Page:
Wonder Woman would play on women’s ability to compete with and complement men in the time of war. Her Amazonian origin in ancient Greece was described as the escape from a world where men had kept women in chains, until they revolted and broke free. The new women, thus liberated and strengthened by supporting themselves on Paradise Island, developed enormous physical and mental attributes. It was, in a sense, a chronicling of the great movement in America in the growth of the power of women.
Wonder Woman made her debut in All-Star Comics at the end of 1941 and on the cover of a new comic book, Sensation Comics, at the beginning of 1942. She wore a golden tiara, a red bustier, a star-spangled short skirt and knee-high, red leather boots – a form-fitting outfit akin to Sheena’s slinky leopard-skin outfits. Wonder Woman had left Paradise to fight fascism with feminism, in, as their creators declared, “America, the last citadel of democracy, and of equal rights for women!”
In March 1942, the National Organization for Decent Literature put Sensation Comics on its blacklist of “Publications Disapproved for Youth” for one reason: “Wonder Woman is not sufficiently dressed.”
But once the war was over, the men were rewarded for their heroic efforts on behalf of freedom, while the women were ignored for theirs. The men got a slew of benefits, like college tuitions, home loans, health care and – perhaps most importantly – their jobs back. Women were demoted or fired, sent back into the kitchen, their training programs destroyed, their day care centers demolished. Their place was in the home, imprisoned again. Where else could they go? All the exits had been sealed – and women shut off. “Anonymous,” Virginia Woolf once said sadly, “was a woman.”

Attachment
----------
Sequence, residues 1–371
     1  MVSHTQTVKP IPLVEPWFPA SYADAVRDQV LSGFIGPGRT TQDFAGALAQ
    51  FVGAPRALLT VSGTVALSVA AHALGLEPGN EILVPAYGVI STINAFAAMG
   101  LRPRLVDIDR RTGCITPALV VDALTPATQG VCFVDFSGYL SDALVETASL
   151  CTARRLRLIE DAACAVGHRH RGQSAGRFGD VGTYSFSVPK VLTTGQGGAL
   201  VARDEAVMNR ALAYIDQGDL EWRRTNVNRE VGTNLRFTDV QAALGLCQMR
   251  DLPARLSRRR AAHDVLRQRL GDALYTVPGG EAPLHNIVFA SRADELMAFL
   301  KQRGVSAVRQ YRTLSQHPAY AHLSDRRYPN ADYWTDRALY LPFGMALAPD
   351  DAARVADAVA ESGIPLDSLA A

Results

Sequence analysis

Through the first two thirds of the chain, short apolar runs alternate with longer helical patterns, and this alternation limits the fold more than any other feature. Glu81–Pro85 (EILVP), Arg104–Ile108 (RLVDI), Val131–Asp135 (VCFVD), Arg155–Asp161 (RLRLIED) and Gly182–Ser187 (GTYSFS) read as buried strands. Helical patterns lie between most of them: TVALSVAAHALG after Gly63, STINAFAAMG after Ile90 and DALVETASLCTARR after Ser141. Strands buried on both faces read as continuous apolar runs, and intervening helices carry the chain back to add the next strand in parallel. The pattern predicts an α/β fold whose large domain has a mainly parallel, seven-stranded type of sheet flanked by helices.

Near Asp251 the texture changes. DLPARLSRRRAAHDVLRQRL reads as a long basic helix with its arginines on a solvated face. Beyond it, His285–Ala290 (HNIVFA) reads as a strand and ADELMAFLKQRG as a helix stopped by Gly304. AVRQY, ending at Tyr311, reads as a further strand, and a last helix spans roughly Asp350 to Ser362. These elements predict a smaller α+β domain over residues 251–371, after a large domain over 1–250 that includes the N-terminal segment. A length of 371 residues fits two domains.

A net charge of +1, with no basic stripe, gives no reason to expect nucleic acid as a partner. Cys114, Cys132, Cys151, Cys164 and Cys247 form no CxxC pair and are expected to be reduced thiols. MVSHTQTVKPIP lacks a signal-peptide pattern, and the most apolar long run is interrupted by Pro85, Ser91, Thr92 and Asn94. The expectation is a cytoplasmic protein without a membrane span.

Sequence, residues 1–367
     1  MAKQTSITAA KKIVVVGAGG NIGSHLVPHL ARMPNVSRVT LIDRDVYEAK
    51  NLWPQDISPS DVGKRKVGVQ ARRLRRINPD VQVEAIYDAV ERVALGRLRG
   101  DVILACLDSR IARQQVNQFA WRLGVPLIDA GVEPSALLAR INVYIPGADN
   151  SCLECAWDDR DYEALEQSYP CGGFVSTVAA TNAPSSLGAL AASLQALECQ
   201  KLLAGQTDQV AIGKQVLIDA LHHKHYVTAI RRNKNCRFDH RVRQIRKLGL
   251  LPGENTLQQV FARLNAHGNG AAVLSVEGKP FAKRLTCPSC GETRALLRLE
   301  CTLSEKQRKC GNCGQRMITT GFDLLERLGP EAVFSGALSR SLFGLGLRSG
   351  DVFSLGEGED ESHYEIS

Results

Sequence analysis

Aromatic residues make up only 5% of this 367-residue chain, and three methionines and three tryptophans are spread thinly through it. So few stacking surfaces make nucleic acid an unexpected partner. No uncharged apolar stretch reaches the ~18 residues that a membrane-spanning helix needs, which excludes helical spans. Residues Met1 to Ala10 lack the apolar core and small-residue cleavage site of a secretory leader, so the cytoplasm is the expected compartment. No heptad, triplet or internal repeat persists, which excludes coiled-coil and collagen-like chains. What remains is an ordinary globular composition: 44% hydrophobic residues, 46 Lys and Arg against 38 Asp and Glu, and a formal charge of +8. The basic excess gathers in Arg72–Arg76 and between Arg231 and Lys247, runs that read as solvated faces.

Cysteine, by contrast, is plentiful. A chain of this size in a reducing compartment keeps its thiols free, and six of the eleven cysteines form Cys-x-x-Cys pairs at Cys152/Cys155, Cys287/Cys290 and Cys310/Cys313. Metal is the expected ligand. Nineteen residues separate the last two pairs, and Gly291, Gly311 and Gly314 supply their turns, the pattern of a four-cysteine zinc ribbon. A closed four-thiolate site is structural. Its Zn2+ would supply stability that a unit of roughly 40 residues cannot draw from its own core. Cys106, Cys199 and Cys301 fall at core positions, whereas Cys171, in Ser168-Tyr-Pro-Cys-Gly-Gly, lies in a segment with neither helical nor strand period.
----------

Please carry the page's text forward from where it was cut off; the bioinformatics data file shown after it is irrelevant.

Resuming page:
Sheena’s run as a separate comic title ended in 1953, at the very time that women were being forced out of the factories and the offices, back into the home. Fiction House, originally a pulp magazine publisher, would run prose stories of its star heroine in the latter-day pulp Stories of Sheena, Queen of the Jungle (Spring 1951) and Jungle Stories vol. 5, #11 (Spring 1954). But her run would be essentially over until her reappearance in the 1980s.
Even into the early 1960s the old way of thinking in male-female relationships predominated, that, in America, men were much more important to society than women, that they were stronger and smarter and therefore should be treated better, with a greater shot at a good education and more job opportunities and higher pay – because they were the breadwinners. Many thought that whatever work a woman did – whether in the home or out – was always secondary to the man’s work, that he did the important jobs in the world — and whatever he did was important.